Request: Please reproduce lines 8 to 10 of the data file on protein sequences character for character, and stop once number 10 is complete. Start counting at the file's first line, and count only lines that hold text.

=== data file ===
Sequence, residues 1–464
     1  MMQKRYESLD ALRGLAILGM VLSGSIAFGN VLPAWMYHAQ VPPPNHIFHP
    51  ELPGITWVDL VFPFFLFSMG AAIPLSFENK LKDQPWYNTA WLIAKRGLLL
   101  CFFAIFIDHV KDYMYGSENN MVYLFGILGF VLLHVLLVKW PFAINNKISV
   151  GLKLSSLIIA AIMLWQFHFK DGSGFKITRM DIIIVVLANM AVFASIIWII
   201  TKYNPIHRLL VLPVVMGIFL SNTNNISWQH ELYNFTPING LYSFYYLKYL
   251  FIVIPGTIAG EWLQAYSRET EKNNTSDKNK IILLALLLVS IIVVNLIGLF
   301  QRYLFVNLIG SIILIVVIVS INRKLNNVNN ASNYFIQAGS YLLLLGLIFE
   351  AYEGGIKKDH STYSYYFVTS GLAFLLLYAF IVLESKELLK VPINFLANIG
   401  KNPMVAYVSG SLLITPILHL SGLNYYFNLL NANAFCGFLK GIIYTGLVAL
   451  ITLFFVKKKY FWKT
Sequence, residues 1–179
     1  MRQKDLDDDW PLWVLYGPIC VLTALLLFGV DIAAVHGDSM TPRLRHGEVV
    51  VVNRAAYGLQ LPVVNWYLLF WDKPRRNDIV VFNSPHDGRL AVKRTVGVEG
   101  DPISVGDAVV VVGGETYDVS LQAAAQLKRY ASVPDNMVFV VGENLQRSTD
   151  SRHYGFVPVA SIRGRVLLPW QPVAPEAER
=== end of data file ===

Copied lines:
   301  QRYLFVNLIG SIILIVVIVS INRKLNNVNN ASNYFIQAGS YLLLLGLIFE
   351  AYEGGIKKDH STYSYYFVTS GLAFLLLYAF IVLESKELLK VPINFLANIG
   401  KNPMVAYVSG SLLITPILHL SGLNYYFNLL NANAFCGFLK GIIYTGLVAL